by: Laura Mattison
I think we could all agree that counting up a barbell could bring Einstein to his knees.
Scenario 1: Your loading your barbell, staring at it, counting on your fingers (and toes), counting again, adding, subtracting, questioning your higher education, looking around for an abacus, calling over a few training partners…
“How much weight is on my bar?”
Scenario 2: The WOD is over, you approach the whiteboard and the coach says, what weight did you use? Suddenly, fear strikes your heart. How MUCH weight? Um…it was the green ones, and two white ones, and wait, I think I added a few little ones…um…it was….[see scenario 1].
It doesn’t have to be this way.
Let’s talk about barbell math and my personal way of making it simpler. Think of your barbell and the weights on each side as a picture or a complete unit. No more of this adding up one side, multiplying by two and THEN adding the barbell. (It’s happened…) That’s just non-sense.
You are an educated, capable member of a CrossFit gym. Just like you learned all the acronyms and lingo, you need to be able to identify certain barbell “pictures.” It’s just “stuff you gotta know.” The trick of this method is learning to see large, identifiable “chunks” of weight, and then adding from there.
Step one is knowing what each color plate weighs. The skinny bumper (with red paint at NECF) is 10#, white is 15#, green is 25#, yellow is 35#, blue is 45#. A men’s bar (with blue tape at NECF) is 45#, a women’s bar (yellow tape) is 35#. Now that I know what I am working with, step 2 is to start creating pictures.
I look across the gym and see someone deadlifting a blue and green on each side of their bar. I know right away that it is 185, if it’s a girl, it’s probably 175. I didn’t have to ADD all that weight up. I knew just from looking. Now let’s say they added whites (15’s) on each side. Well, perhaps I don’t know that one right away, but I can start with the biggest identifiable picture that I know (185) and then add 30. It’s 215. Got it. Quick and easy.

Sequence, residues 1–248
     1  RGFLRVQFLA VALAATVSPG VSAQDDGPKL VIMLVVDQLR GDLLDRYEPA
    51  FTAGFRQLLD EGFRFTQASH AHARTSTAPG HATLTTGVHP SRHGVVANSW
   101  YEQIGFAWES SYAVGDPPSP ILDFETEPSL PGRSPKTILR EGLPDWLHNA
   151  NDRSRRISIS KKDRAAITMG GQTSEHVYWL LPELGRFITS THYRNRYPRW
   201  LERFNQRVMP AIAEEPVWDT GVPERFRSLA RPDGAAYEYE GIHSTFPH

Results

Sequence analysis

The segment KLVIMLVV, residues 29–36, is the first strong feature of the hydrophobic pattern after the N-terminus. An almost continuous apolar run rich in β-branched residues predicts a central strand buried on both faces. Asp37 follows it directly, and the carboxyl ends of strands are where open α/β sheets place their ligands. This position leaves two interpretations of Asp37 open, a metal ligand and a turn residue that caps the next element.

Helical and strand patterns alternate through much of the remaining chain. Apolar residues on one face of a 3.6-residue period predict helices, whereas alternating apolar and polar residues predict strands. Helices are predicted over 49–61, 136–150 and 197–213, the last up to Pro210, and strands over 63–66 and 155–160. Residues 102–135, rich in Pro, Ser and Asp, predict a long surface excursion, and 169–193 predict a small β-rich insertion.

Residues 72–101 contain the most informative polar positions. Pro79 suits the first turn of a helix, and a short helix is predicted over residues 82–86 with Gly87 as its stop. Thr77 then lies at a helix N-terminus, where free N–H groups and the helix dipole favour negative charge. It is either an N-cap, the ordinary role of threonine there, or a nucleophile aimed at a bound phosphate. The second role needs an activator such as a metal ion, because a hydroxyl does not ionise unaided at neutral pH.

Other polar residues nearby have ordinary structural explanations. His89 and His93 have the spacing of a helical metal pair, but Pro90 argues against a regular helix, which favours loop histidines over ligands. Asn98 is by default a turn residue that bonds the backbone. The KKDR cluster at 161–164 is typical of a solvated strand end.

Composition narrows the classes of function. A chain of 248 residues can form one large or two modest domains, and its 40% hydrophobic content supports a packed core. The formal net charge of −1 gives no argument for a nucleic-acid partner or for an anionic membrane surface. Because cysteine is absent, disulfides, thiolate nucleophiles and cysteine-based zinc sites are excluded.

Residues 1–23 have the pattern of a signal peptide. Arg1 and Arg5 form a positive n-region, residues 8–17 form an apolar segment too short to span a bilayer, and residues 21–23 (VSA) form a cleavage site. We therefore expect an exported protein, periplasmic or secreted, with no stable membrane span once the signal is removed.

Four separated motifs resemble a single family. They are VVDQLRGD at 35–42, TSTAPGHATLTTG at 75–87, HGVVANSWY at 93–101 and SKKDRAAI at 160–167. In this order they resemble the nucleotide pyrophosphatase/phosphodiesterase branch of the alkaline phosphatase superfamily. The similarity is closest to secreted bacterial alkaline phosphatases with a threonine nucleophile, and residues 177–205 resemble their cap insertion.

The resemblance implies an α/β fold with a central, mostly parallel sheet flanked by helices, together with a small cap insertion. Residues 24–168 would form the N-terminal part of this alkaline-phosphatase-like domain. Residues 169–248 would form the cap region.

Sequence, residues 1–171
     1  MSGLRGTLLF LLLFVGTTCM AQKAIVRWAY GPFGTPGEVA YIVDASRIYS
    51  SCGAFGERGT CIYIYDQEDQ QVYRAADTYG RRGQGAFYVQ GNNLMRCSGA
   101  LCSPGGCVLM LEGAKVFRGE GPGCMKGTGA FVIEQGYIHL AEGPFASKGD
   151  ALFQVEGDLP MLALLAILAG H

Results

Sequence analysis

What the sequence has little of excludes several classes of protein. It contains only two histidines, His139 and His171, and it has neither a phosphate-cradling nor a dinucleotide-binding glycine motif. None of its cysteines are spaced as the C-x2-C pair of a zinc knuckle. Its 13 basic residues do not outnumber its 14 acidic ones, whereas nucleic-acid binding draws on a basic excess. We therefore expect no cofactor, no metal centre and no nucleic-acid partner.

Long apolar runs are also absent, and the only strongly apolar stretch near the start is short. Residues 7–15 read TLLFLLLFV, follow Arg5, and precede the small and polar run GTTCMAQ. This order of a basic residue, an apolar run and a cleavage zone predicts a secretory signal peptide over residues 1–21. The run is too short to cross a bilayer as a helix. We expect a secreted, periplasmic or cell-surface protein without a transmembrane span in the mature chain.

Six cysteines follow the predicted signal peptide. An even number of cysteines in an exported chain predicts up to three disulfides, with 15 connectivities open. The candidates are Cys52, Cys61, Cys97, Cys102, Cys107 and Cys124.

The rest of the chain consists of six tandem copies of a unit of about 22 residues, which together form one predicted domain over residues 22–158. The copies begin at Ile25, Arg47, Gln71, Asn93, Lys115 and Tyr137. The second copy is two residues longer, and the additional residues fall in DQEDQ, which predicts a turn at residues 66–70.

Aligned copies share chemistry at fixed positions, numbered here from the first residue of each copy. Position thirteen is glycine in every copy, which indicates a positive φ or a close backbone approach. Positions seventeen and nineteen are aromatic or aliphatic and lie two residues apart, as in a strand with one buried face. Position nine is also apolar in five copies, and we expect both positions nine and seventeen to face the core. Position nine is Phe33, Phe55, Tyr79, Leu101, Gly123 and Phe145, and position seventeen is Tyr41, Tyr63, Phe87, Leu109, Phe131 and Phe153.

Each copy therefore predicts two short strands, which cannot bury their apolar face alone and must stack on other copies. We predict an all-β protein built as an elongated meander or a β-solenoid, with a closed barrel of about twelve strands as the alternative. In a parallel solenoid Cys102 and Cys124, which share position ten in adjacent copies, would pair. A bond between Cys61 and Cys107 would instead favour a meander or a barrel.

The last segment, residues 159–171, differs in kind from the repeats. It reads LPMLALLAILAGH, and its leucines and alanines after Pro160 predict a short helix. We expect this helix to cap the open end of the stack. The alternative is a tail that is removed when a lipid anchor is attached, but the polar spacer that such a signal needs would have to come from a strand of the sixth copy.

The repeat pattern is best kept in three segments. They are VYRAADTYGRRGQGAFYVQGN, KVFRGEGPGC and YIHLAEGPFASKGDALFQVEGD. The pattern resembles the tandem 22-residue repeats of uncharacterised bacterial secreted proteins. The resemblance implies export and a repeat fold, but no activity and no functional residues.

When you are building to a heavy, a max, or to a certain weight, its helpful to exchange lighter plates in favor of heavier plates so that you can create these identifiable “pictures.” You will usually have to add and re-add if you just keep throwing 15’s and 10’s on your barbell. That can get messy and confusing. Not to mention, bigger weights just look cooler on your bar. Ladies, if you get up to 125 or more for a back squat, throw those big wheels on that bar!
Back to Scenario 2. You need to know how much weight you used in the workout…before the workout starts. It shouldn’t be an adding game after the fact. This is simply a matter of being focused and self-aware during class. I wouldn’t start a road trip without knowing where I was going; you shouldn’t start a workout without knowing how much weight is on your bar. Now that you know how to add your barbell with this method, it should be a cinch.
Make it simple, see colors and pictures and shake the fear of adding your barbell.
Need to Know Barbell Pictures (not an exhaustive list, but these are the big ones!)
Using a 35# bar? Just subtract 10.
Bar + 25’s = 95 lb
Bar + 35’s = 115#
Bar + 45’s = 135
Bar + 45’s + 25’s = 185 lb
Bar + 2-45’s on each side = 225
Bar + 2-45’s + 2-25’s = 275
Bar + 3-45’s on each side = 315